Shiva STEIN, on behalf of herself and all others similarly situated, Appellant, v. BBX CAPITAL CORP., John E. Abdo, Norman H. Becker, Steven M. Coldren, Willis N. Holcombe, Jarett S. Levan, Anthony P. Segreto, Charlie C. Winningham II, BFC Financial Corporation, and BBX Merger Subsidiary LLC, Appellees.
Appellant Shiva Stein, on behalf of herself and others similarly situated, challenged the consideration offered for her shares in Appellee BBX Capital Corporation that were acquired in a merger with Appellee BFC Financial Corporation. She appeals a final order dismissing her complaint with prejudice. Concluding that Appellant has not set forth “sufficient ultimate facts” showing entitlement to relief beyond the statutory remedy to which Appellee concedes Appellant is entitled, we affirm.
At the time of her complaint, Appellant owned shares of BBX. Her complaint was directed at BFC's proposed acquisition of BBX. BFC already owned eighty-one percent of BBX, and sought to acquire the remaining nineteen percent in exchange for cash or shares in BFC. The purchase was conditioned on both the approval of a special committee composed of independent BBX directors and an approving vote of a majority of the minority BBX shareholders unaffiliated with BFC. Under the terms of the proposed transaction, BBX shareholders could elect to receive shares of BFC's common stock; a cash payment for each share held; or a combination of shares and cash.
The complaint maintained that the proposed transaction significantly undervalued BBX with flawed calculations and that, by agreeing to sell BBX at an inadequate price, the result of an unfair process, the BBX board breached its fiduciary duties to shareholders. Appellant also alleged that material calculations were omitted in arriving at a sale price, and that minority shareholders were not fully informed with respect to the material details of the transaction. Appellant refused the near exclusive statutory remedy of an independent appraisal pursuant to section 607.1302, Florida Statutes (2016). Instead, she contended that she qualified for the statute's limited exception to appraisal set forth in section 607.1302(4)(b) (discussed below), and sought equitable relief from the courts. The trial court's order quoted Williams v. Stanford, 977 So.2d 722, 730 (Fla. 1st DCA 2008), and dismissed the complaint because it failed to sufficiently allege “specific acts of fraud, misrepresentation, self-dealing, [or] deliberate waste of corporate assets.”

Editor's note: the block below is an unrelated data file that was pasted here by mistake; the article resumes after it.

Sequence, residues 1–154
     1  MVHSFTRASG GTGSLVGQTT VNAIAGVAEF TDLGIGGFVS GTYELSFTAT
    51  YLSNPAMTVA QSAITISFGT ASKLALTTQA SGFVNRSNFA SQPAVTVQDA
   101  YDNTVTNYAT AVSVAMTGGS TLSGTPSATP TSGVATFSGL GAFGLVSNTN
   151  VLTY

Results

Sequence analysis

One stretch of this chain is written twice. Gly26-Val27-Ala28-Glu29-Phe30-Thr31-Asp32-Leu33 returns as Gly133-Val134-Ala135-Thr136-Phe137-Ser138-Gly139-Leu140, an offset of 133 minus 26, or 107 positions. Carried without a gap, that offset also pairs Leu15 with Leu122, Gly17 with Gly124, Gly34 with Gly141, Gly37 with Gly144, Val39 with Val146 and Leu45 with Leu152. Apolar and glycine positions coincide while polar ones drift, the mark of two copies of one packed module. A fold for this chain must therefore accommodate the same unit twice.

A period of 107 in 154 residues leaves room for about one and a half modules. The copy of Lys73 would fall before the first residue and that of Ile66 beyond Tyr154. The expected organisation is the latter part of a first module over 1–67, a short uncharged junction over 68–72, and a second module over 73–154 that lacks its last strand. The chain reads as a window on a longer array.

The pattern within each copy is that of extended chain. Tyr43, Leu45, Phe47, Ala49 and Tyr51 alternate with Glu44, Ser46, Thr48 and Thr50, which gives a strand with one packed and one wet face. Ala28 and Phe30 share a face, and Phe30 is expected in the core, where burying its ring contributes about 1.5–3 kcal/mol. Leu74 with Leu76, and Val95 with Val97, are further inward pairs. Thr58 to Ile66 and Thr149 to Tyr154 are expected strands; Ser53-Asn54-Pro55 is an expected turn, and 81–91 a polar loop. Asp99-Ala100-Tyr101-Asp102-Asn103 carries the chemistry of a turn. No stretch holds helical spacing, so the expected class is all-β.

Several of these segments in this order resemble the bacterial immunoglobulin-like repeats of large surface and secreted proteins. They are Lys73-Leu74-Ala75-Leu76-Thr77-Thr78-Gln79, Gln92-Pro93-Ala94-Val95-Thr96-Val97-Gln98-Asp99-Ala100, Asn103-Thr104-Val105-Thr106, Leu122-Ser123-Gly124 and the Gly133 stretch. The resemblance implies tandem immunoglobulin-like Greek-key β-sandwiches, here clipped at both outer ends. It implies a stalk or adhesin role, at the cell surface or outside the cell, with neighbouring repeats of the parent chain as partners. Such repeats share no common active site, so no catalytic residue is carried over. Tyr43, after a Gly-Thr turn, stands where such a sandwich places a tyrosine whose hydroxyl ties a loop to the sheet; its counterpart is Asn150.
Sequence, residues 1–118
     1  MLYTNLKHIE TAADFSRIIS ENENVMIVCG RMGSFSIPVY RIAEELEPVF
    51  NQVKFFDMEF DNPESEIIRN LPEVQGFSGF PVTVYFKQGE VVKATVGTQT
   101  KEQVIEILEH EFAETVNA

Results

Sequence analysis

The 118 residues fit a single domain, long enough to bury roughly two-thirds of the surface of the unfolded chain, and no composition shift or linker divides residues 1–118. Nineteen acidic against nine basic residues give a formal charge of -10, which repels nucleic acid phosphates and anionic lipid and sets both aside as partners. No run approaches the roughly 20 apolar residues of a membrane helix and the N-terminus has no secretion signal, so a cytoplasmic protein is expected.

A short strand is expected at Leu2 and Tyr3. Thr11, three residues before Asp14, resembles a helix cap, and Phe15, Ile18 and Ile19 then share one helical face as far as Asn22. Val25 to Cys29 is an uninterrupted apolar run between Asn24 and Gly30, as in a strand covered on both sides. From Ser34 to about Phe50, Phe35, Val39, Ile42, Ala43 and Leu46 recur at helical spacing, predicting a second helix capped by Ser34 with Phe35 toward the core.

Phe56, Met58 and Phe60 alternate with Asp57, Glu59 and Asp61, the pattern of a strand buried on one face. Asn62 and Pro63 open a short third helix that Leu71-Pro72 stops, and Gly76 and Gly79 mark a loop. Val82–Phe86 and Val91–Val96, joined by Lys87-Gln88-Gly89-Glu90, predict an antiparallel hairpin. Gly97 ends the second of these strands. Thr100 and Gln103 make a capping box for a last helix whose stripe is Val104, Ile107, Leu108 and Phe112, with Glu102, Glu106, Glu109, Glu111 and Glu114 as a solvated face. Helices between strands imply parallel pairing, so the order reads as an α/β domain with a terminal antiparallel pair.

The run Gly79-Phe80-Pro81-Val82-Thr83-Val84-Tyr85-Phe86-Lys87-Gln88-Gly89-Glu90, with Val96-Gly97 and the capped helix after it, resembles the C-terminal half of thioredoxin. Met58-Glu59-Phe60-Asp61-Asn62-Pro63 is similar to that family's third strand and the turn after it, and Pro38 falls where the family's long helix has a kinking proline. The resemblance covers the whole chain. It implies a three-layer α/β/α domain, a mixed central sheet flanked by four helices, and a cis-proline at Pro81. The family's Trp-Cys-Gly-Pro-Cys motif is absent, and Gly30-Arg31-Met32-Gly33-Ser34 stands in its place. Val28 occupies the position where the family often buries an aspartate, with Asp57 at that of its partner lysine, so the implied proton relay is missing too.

The standard of review of orders dismissing complaints with prejudice is de novo. MEBA Med. & Benefits Plan v. Lago, 867 So.2d 1184, 1186 (Fla. 4th DCA 2004). To survive a motion to dismiss, a complaint must allege “sufficient ultimate facts” showing entitlement to relief. Id. While we must accept the facts alleged as true and make all reasonable inferences in favor of the pleader, id., conclusory allegations are insufficient. Shands Teaching Hosp. and Clinics, Inc. v. Estate of Lawson ex rel. Lawson, 175 So.3d 327, 331 (Fla. 1st DCA 2015) (en banc).
“Section 607.1302, Florida Statutes (2003)—Florida's ‘appraisal rights' statute—generally requires minority shareholders who dissent from a major transaction or disposition of assets to seek the remedy of tendering their shares for appraisal and buy-back at a fair price ․” Williams, 977 So.2d at 726–27. The statute aids the courts from becoming “bogged down in a wide range of disputes over the fairness of cash-out prices.” Id. at 729. This includes mergers. § 607.1302(1)(a), (e), Fla. Stat. (2016).